I came to adulthood in such a milieu and never questioned its rightness. I went to Brown, studied Ostpolitik in Bonn, landed in divided Berlin as theNew York Timesstringer, and spent most of the eighties there, most of my twenties, as a journalist and then a diplomatic appointee. Politics on that cold war fault line was morally as well as strategically thrilling. Spiritually I was agnostic, I suppose, though I’m not sure I gave religion enough thought in those years to claim the label.
Yet I had grown up in the intellectual and spiritual domain of the Jerry Falwells and Pat Robertsons of the world. Like them, my grandfather was a preacher of hellfire and brimstone. At the same time, though the product of a second grade education, he had a large, unexcavated mind that frightened him, I think, but fascinated me—a sharp wit, a searching attentiveness, a mysterious ability to perform mathematical feats in his head. People like my grandfather were badly represented by Jerry Falwell and Pat Robertson and the journalists who gave them powerful platforms in the eighties and nineties. Later, perhaps understandably, people like him became the object of erudite parody, straw men easily blown down by prophets of reason. His kind of religiosity was small-minded at best, delusional at worst, and, most damnably, the enemy of science.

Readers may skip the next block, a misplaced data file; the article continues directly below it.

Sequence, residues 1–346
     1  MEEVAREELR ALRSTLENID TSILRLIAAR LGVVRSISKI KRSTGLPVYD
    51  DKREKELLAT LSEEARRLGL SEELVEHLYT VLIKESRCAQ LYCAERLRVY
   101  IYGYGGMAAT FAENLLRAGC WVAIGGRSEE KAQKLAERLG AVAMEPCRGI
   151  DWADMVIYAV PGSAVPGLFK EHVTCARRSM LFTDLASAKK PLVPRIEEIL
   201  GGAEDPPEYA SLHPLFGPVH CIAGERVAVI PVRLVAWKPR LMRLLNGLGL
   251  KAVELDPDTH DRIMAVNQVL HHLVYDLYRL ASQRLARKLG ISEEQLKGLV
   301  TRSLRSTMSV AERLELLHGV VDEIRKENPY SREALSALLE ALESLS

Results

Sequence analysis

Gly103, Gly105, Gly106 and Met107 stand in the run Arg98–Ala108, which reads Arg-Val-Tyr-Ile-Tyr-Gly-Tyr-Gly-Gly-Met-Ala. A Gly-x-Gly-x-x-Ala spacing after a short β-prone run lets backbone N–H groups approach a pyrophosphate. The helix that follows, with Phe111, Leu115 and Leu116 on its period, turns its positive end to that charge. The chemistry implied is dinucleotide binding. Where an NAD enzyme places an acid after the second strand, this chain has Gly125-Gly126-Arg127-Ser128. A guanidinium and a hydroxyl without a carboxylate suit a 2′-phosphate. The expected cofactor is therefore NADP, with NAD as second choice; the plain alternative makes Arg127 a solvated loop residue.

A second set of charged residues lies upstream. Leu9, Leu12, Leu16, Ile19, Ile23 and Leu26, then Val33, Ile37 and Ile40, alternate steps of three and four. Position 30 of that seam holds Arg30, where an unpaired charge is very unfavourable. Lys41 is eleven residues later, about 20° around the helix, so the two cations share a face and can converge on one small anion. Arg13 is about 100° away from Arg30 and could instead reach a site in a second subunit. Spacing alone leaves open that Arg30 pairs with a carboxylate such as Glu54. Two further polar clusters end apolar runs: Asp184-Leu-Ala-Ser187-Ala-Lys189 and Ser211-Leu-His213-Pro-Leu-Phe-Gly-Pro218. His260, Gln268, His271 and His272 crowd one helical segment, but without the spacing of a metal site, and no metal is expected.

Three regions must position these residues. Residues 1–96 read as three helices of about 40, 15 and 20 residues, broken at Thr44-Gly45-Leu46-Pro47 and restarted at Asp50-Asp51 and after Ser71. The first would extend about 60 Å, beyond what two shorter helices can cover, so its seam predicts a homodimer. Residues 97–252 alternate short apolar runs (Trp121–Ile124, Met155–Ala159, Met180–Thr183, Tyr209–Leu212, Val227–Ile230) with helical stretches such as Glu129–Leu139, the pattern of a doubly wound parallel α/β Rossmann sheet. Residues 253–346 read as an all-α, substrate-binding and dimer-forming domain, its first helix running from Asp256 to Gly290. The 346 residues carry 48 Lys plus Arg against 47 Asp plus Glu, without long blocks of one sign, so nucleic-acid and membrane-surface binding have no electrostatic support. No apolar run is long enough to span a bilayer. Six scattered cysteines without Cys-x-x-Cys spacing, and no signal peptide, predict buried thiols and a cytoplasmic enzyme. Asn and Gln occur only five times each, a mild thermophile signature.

The mundane truth is this: my grandfather did not know enough about science to be against it. I summon his memory by way of tracing, for myself, why I’ve found my conversations with scientists to be so profoundly sustaining. It is not just that they are intellectually and spiritually evocative beyond compare.
Cumulatively they dispel the myth of the clash of civilizations between science and religion, indeed between spirit and reason, that we’ve accepted as the backdrop for so many tensions of the modern West.
Having two feet on earth in our time means knowing about black holes and brain chemistry; it means pondering whether the universe is infinite or finite and what the matter in “dark matter” might be. My conversations with scientists leave me with an exhilarating sense of the immediacy and vastness of both reality and mystery, of the importance of asking seemingly unanswerable questions, and of the “rationality” of insisting on a world in which ethics, theology, and “spiritual genius” claim their place alongside and in collaboration with the wondrous capacities of science. To the faithful I say this: if God is God, we cannot be afraid of what we can learn with the remarkable three-pound brain. I offer this book to all—religious and nonreligious, theologians, scientists, and people of all walks of life in between—who want to engage our kindred capacities to think and to live together more richly than our debates would ever suggest is possible.